In order to understand China’s Middle East policy, it is necessary to take into account the political ideology that informs the Chinese state as well as the leaders who have dominated its political landscape over the decades.
Between 1949 and 1976, Mao Zedong, the founding father of the People’s Republic of China, governed according to his personal perspective on Marxist-Leninist theories. This later became known as Maoism and was widely perceived as guiding revolutionary movements around the world. Under Mao, China sought to distance itself from the ‘imperialist West’ and viewed itself as the ‘guardian of revolution’ in the world, including the Middle East. Even when China was facing its own economic difficulties in the 1950s and 1960s, it never wavered in its military and diplomatic support for the Palestine Liberation Organization (PLO). After Mao’s death, Deng Xiaoping assumed power in 1978. He put China on a path of economic development while downplaying ideological conflicts on the international stage. Hence, since the 1980s, China’s chief concern has been accelerated economic growth, which significantly increased its need for imported oil. In this context, China began to seek and strengthen diplomatic relations with the oil-rich countries of the Middle East, and its interests in the region changed to reflect its economic needs. Over the years, and in sharp contrast to the United States, observers have described the relationship between China and the Middle East as politically ‘baggage free’. Since it became a net importer of oil in 1992 and subsequently the world’s largest importer of crude oil, China has been predominantly interested in securing long-term oil supplies and has avoided becoming entangled in the internal politics of the countries with which is does business. It maintains strong ties with the region’s leading powers – Turkey, Iran, Egypt, Saudi Arabia and Israel – making it perhaps the only country able to do so.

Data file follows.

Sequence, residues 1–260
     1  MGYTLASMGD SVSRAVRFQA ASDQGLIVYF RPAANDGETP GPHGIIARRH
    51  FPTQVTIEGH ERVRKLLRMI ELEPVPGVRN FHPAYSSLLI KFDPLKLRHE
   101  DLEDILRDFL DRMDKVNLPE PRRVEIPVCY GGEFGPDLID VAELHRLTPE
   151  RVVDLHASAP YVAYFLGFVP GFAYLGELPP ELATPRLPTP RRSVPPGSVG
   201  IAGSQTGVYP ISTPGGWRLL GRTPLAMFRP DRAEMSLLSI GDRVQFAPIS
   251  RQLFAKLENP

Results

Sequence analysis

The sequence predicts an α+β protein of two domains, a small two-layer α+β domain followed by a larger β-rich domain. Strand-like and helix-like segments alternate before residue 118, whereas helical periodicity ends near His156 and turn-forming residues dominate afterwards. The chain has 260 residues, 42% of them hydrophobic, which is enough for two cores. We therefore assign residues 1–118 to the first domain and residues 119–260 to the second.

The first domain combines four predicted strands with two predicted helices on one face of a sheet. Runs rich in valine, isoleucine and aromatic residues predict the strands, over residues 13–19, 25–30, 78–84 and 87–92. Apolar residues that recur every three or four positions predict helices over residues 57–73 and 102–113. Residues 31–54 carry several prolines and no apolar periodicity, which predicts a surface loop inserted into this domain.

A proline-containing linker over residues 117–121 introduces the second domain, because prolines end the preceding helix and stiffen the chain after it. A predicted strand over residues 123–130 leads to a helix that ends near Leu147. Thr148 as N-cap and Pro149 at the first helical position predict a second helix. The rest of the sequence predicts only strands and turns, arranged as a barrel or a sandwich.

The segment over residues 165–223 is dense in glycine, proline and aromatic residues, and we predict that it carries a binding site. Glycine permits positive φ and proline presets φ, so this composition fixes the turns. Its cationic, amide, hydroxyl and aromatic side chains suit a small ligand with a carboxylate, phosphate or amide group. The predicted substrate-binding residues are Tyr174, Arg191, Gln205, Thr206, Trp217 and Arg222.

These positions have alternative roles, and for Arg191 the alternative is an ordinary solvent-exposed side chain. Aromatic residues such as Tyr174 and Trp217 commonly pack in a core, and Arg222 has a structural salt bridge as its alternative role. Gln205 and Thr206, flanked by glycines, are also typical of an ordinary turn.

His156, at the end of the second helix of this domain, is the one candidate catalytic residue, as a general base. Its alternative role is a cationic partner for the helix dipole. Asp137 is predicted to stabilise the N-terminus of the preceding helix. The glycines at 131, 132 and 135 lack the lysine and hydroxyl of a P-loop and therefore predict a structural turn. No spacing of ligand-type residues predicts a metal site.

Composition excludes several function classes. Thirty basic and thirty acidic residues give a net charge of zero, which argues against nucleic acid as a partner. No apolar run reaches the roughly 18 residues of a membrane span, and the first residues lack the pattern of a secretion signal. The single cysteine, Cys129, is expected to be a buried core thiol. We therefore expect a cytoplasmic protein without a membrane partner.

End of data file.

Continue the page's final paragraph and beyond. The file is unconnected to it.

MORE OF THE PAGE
Deng Xiaoping’s famous quote, “keep a cool head and maintain a low profile. Never take the lead but aim to do something big,” goes a long way to explaining Chinese foreign policy. Beijing has, unsurprisingly, taken a mercantilist approach, which tries to avoid political fights with major powers. To a lesser extent, as current leader Xi Jinping has moved away from Deng’s principle of non-interference with China’s Asian neighbours, opting instead for a more aggressive and interventionist approach, Beijing has continued to adhere to its old mercantilist policy the farther from China one gets.
The 2011 Arab Spring combined with former President Barack Obama’s often hands-off policies in the region proved to China that the Middle East is too important to be left to others, and that neglecting it could be at China’s peril. Under Xi, the country has seemingly decided to stop watching from the sidelines while the region descends into chaos. Instability in the Middle East is, after all, a direct threat to Chinese interests, particularly the flow of resources (imports of oil and raw materials and exports of consumer goods), and the safety of Chinese citizens working in the region.